Biden said the spending plan would build on $10.5 billion already allocated for rail projects -- $8 billion from the 2009 stimulus law and $2.5 billion in last year’s budget.
“These investments are already paying economic dividends in places like Brunswick, Maine, where construction workers are laying track that will provide the first rail service since the 1940s from Brunswick to Portland to Boston,” he said.
But that money was approved when the Democrats controlled the House of Representatives.
Republicans who chair key committees signaled Tuesday that the new GOP-controlled House will be much more skeptical, if not hostile, to taxpayer-subsidized rail.
Rep. John Mica, R-Fla., the chairman of the House Transportation Committee, said the first $10.5 billion was poorly allocated, mostly to projects that aren’t what he considers truly high-speed.
“Rather than focusing on the Northeast Corridor, the most congested corridor in the nation and the only corridor owned by the federal government, the administration continues to squander limited taxpayer dollars on marginal projects,” Mica said.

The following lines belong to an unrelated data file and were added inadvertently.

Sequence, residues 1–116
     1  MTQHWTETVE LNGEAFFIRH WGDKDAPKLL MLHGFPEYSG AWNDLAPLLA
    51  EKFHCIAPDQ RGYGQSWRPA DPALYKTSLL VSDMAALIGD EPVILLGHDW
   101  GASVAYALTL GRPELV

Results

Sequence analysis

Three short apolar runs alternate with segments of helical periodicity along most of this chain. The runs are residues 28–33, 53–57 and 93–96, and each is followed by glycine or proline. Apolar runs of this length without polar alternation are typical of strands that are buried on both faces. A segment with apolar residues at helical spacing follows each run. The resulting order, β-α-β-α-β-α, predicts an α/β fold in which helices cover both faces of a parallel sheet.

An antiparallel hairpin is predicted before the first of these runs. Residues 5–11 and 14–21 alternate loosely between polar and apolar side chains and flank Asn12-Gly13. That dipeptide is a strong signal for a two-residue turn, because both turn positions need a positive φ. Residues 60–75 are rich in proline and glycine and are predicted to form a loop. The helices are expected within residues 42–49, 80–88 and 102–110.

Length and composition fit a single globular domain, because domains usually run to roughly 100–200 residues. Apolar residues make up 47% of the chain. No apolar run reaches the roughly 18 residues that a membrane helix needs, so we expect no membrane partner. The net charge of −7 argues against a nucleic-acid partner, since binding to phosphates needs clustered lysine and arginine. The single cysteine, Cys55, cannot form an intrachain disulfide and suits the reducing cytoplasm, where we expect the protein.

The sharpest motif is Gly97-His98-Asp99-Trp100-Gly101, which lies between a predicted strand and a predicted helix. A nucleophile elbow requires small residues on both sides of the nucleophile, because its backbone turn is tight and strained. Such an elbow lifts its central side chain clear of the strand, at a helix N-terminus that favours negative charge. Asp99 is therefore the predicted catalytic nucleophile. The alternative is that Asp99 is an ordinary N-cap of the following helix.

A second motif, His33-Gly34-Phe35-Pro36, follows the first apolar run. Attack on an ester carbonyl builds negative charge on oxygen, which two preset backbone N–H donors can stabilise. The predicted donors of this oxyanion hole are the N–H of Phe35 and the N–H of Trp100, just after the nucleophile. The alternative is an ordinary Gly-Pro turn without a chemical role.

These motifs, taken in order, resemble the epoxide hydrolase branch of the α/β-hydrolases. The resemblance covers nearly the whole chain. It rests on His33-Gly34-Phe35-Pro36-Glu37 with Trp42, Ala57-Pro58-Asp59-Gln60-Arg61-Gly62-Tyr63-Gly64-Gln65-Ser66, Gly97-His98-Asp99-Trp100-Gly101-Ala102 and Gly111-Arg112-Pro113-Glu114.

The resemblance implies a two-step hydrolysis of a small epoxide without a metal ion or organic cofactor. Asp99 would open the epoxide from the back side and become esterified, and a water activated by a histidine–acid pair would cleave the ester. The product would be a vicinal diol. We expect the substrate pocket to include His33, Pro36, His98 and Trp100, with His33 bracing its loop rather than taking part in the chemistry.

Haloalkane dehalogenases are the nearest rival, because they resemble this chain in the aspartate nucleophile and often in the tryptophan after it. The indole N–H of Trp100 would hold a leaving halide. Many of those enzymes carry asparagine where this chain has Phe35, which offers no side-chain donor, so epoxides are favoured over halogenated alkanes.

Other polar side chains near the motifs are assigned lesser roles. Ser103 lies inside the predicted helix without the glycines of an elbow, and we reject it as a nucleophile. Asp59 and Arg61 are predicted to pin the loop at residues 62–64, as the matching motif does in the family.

Approving more money, he said, “is like giving Bernie Madoff another chance at handling your investment portfolio.”
But Rep. Kathy Castor, a Tampa Democrat whose district includes a slice of Manatee County, said there were cheers at the U.S. High Speed Rail Association conference in Washington, which she was attending at the time. She noted the business community of engineers, contractors and rail firms is eager to start a number of projects, including a proposed Tampa to Orlando line. Also in attendance at the conference -- Associated Industries of Florida chief Barney Bishop.
“What they told me is, this gives them even greater confidence that the funding will be available in the future,” Castor said.
Florida Gov. Rick Scott wants the private sector to pick up some of the costs of the Tampa to Orlando high speed rail and Castor said she’ll be touting the economic benefits of both a construction project and a way to get commuters out of maddening traffic. The project is 90 percent funded, she noted.